Why the Ripper Case Can’t Be Closed Based on DNA Evidence

DATED: 19.02.15

There has been much speculation of late, regarding the most recent development in the Jack the Ripper saga. Scientific circles and Ripperologist groups have been abuzz with the revelation that Jack the Ripper, at long last, has been identified. This latest claim, made in the latter part of 2014, is by far the strongest candidate for ending the mystery that has eluded us for more than a century.

It came down to DNA testing in the end, conducted on a 19th-century shawl that was auctioned off to Russell Edwards in 2007. Many experts are now calling for the Ripper case to be closed. However, this recent development is not without its share of critics; some of whom are actually contesting the findings of the DNA results and citing concerns as to its validity.

This post from JTR will take a look at DNA testing and why it can’t be conclusive in proving the true identity of the Ripper after 126 years.

DNA Tests Are Subject to Human Interpretation

Arguably, the main problem with DNA testing is reliability. These tests are not 100% reliable or accurate. They have produced the wrong results on more than a few occasions, in regards to some very important court cases.

In one such case in the United Kingdom, a DNA test incorrectly concluded that a man was not the father of a child, when in fact he was the father. It was later determined that the scientists interpreted his DNA results incorrectly.

Such mistakes are not trivial. They can ruin lives. There is a growing realisation that the system is not 100% fool proof because, as humans, we are bound to make mistakes even when error-checking measures are in place.

However, that is not the issue critics are raising. Forensic experts argue that it is very easy to leave a couple of DNA cells on any object, which can be later attributed to anything. Just a simple handshake can put traces of your DNA onto the other person.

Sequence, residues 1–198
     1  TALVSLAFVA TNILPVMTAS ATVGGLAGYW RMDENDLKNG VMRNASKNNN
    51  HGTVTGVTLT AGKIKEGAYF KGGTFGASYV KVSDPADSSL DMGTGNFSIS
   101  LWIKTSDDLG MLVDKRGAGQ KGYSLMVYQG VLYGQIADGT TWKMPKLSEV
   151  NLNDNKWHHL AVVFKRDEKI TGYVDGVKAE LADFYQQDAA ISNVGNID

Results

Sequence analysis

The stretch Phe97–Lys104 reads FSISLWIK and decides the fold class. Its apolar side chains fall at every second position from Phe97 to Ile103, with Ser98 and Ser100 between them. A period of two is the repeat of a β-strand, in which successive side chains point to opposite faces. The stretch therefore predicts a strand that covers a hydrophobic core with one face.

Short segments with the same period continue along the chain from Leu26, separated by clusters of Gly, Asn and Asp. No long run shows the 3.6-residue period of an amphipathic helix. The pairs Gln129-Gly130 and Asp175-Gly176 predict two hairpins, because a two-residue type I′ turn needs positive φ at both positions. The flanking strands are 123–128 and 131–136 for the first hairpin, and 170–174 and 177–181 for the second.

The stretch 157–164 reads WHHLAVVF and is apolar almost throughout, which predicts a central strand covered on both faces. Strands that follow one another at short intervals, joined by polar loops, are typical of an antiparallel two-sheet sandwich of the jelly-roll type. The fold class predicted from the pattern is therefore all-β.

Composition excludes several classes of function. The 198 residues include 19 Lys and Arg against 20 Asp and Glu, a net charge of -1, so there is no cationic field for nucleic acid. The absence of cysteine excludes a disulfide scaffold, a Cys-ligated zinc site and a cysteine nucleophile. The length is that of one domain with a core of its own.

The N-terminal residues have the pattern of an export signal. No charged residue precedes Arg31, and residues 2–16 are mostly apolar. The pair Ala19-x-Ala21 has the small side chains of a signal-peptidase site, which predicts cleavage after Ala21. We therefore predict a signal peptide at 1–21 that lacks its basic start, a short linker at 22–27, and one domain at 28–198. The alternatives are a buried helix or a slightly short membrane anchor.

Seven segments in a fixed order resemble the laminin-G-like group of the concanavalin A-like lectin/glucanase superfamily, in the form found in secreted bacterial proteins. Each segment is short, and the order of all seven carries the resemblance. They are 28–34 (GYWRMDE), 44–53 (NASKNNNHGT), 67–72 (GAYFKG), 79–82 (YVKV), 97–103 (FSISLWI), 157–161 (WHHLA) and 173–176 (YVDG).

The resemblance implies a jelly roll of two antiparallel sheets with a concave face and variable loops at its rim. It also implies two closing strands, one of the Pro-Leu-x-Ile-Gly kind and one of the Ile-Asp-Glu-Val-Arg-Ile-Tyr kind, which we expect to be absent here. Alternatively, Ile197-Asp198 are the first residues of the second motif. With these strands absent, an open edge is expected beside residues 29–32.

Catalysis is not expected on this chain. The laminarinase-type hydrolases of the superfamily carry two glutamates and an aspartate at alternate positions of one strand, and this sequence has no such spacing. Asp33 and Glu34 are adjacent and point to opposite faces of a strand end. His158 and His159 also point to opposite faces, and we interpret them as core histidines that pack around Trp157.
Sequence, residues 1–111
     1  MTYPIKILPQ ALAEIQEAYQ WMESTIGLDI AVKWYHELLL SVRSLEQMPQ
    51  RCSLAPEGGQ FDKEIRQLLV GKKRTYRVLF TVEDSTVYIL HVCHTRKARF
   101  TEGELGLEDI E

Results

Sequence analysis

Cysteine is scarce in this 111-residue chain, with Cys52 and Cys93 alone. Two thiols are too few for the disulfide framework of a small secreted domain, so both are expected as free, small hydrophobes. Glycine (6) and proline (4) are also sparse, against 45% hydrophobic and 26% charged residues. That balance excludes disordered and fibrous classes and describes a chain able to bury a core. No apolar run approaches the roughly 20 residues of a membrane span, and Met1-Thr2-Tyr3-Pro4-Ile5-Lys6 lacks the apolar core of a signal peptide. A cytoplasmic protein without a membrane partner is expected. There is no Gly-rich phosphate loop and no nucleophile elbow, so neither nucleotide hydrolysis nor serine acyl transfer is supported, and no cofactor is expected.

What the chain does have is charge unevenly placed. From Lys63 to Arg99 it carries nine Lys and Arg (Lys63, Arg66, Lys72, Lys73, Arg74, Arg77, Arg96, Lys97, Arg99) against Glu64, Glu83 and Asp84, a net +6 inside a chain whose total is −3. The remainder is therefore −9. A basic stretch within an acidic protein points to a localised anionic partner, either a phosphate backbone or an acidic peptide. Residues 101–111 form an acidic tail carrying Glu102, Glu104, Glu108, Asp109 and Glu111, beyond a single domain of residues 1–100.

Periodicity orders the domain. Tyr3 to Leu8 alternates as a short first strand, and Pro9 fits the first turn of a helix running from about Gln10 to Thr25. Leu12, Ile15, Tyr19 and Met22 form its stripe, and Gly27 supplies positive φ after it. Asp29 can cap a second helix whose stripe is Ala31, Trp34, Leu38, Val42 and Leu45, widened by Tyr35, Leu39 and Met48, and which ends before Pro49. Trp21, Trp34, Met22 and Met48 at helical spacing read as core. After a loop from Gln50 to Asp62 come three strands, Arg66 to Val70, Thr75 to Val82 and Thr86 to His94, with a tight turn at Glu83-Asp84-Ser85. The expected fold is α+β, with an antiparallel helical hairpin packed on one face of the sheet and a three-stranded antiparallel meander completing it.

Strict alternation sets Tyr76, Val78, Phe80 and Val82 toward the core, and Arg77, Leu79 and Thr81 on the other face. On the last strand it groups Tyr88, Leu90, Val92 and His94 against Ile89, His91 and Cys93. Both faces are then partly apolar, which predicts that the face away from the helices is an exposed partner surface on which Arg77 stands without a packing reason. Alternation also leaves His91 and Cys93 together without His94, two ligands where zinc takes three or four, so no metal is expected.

DNA Corrodes In Imperfect Conditions

DNA evidence has to be carefully preserved and protected. Objects like light, the rain, heat, and even the air can corrode it enough to make it unreliable. We know that Russell Edwards purchased the shawl at an auction in 2007, but very little is known about it before then.

There are quite a few questions marks. For example, how was the shawl kept all this time and where? How many people might have touched it? Was there any atmospheric damage to the shawl over the 100 years it remained elusive to us?

Risk of Contamination Through Human Error

A lack of preservation measures leads to the DNA becoming contaminated, which can make it very unreliable. This is why legal teams check for the ‘health’ of the DNA evidence, in addition to the evidence itself, to determine whether such results can be admissible in court.

Apart from the natural elements mentioned earlier, such as the air, light and the rain, human error can seriously impact the authenticity of DNA evidence. For example, not wearing protective masks or hair caps when analysing DNA evidence poses a risk. This, in turn, raises serious concerns over the condition of the shawl over the decades.

No Independent Review and Too Many Questions

Nothing can be conclusively said about this recent revelation until it has been independently verified by a third party. As compelling as the evidence is, there are simply too many unanswered questions.

For example, why did the policeman take the shawl home instead of turning it in as evidence? Why did the family that later inherited it keep it, knowing what it was? If they didn’t know, how come they never washed the shawl, even once?

Once again we are left with circumstantial evidence that no doubt points to a likely suspect, but not with 100% assertiveness. Aaron Kosminiski could very well be the Ripper, but until something conclusive comes up in a court of law, the Ripper’s identity will remain similar to the his murders; unsolved.

For more information on the Ripper saga and to get a first-hand insight into the investigative processes applied by police during that time, be sure to take the Ripper tour next time you are in London.


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